Not until late the next day did Gosport awaken to a realization of the tragedy which had occurred. Only one more victim of the cruel, relentless sea !
E, C. C.
The First It was in the spring of 1775. The little town of Westminster, Ver
mont, was stirred with extraordinary excitement. In order to understand the Martyr.
affairs which were engaging the attention of every one, a short review of the
existing conditions is necessary. It will be remembered that this was the time preceding, by a little, the Revolutionary War, but the state of affairs existing here was, in many ways, peculiar to the locality. Feeling was particularly strong and bitter on account of the great number of Tories in the section and especially because of the administering of justice in the courts by Tories under commission of King George the third. Many Tories from New York, in league with the officers of the courts, had taken advantage of the great scarcity of money and bought up mortgages against farmers of this section, and, with the aid of iniquitous judgments of the courts, they were able to gain possession of property upon which the occupants had already paid much. This form of precedure had been carried on to so great an extent that the settlers were driven almost to desperation, and the climax had finally been reached in the unusually arbitrary actions of a court then in session, together with the exposed duplicity of the judge of the court.
A meeting of the oppressed people was held at the house of a trapper who lived on the outskirts of the town, at which gathering means for resisting the outrages were considered. After many bold plans had been brought forth, the idea of a more conservative member was adopted, which
in effect, that the Tories should not be given an advantage by receiving any resistance from armed opponents, but that the opposers should assemble at the court-house unarmed, and resist, peaceably but firmly.
In the meeting there arose to speak a young man of about twenty-two years, whose face, by its singular earnestness and fitful radiance of expression, showed its possessor to be wrought up to a high pitch of excitement. The assembly was startled by the almost inspired earnestness of the speaker, the sentiment at the close of whose address was something like this: “Let us assemble at the court-house to-morrow, as has been agreed upon, and, if the Tories shall make a martyr of one of us, every wood and pasture of this rugged land will send forth an avenger, and our cause will be favored beyond any other possible advantage.”
The next day the patriots assembled unarmed at the court-house to resist the entrance of the Tories. In the meanwhile the Tories, being informed as to the state of affairs, proceeded to arm themselves and prepare to make an attack. The attack came the following night, when the Tories, being refused admission, fired into the company at the doors. A number of the rebels were wounded, among which number was the young man to whom attention has been called. The wounded were thrown into a sort of dungeon, where they were entirely uncared for. With the exception of this one young man, nearly all succeeded in escaping.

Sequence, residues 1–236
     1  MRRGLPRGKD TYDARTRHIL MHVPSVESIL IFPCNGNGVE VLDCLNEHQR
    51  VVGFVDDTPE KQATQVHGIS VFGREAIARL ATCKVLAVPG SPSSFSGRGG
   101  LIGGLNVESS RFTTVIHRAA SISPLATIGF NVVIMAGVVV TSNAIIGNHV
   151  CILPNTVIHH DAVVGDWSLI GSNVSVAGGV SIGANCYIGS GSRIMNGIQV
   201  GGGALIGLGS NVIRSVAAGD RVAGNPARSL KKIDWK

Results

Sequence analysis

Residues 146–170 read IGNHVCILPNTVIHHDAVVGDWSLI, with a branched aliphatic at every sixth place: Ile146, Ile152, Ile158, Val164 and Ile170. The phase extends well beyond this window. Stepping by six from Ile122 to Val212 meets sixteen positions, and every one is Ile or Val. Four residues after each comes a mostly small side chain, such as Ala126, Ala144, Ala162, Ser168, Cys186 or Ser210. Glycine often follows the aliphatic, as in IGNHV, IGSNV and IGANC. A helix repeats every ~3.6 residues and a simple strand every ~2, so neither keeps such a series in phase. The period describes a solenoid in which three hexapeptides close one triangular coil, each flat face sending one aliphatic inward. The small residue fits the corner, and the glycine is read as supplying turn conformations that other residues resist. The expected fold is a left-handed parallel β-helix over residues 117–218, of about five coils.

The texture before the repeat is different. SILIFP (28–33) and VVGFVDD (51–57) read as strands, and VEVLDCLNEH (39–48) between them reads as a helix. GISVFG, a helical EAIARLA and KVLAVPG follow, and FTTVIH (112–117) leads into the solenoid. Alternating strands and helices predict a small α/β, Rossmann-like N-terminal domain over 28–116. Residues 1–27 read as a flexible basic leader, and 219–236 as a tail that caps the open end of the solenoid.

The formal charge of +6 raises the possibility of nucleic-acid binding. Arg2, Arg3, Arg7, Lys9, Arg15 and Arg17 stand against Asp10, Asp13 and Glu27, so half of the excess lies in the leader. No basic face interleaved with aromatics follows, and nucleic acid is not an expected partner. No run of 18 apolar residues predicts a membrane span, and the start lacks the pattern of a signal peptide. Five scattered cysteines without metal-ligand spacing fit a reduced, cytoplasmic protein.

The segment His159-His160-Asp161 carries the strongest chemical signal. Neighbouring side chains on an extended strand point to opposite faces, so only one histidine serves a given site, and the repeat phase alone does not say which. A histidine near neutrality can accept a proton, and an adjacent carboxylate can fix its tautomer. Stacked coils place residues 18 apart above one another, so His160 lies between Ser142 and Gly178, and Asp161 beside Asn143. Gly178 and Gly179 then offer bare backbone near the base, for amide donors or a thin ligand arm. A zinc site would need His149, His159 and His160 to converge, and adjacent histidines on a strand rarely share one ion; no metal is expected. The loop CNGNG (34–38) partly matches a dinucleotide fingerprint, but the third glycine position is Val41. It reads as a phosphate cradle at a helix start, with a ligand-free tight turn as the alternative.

The Tories, thinking that their victory was complete, assembled next day at the court-house and were carrying on the business before them in quite as high-handed a way as was expected. But they were deceived as to the completeness of their victory. The farmers, having had time to assemble from the neighboring districts, and no longer fearing lest they should injure their cause, had collected a small army and came down upon the assembled Tories so unexpectedly as to take them prisoners without difficulty.
Shortly before the advancing columns of men were to be seen, something came to the ears of the Tories in the court-room which caused them to pause in their shameful proceedings and turn to one another with expressions of awe upon their faces. It was a long-drawn wail which came from the depths below as a soul departed from this life. They knew what it was. They knew that it was the death-cry of a man whom they had mortally wounded the night previous. This man was the one before referred to. His name was William French, and he was the first man who died in the cause of liberty in the War of the Revolution.
The following is the inscription upon his tombstone: “In memory of William French, son of Mr. Nathaniel French, who was shot at Westminster, March ye 13th, 1775, by the hands of cruel ministerial tools of George ye 3d, in the court-house, at ii o'clock at night, in the 22d year of his age.”
F. M. L.
Silas White of SMITHVILLE, the home of Silas White, is a small New England vil
lage situated twenty miles from Hancock, a county seat, and is famous Smithville. as the home of a great statesman. It is now becoming well known
as a summer resort, for those who wish a long vacation, as well as for the business men of Hancock, many of whom go back and forth every day. Famous for its pure ozone and wholesome air, it is an excellent place in which to rest from the rushing life of the city and to recuperate from sickness and overwork. The inhabitants of Smithville are sturdy people, who earn their living, as a rule, by farming, although a little manufacturing is done in the town.
The residence of the Whites is a shabby old-fashioned farmhouse near the railroad station. The appearance of the yard will give one a good idea of the owner. On the right as one enters the premises stands the house, a low story-and-a-half wooden structure which was long ago painted white.
To-day, with its green blinds dilapidated and broken, it looks as if a coat of paint would improve it. The front yard is always filled with a conglomeration of things,— different kinds of lumber, fence rails, old barrels, hay riggings, horse-rakes, buggies, and wagons. The last named are rickety and out of repair. One would hesitate long before accepting an invitation to ride in any of them, but this the owner is not likely to extend, not being a very generous man. The combined value of the conveyances cannot exceed one hundred dollars.
On the left first appears a two-story building, used many years ago for a country store. Since Mr. White ceased to keep a store, the upper part has furnished shelter and abode for his hired men, who are deemed unworthy of rooms in the house; the lower part probably contains old counters and other things used in connection with the store. Further on are three barns, in the first of which is kept a number of old carriages; in the second, hay, grain, farming tools, and swine; and in the third, numerous members of the equine and bovine species. Besides these are various out-buildings, in which are hens and other possessions of like nature.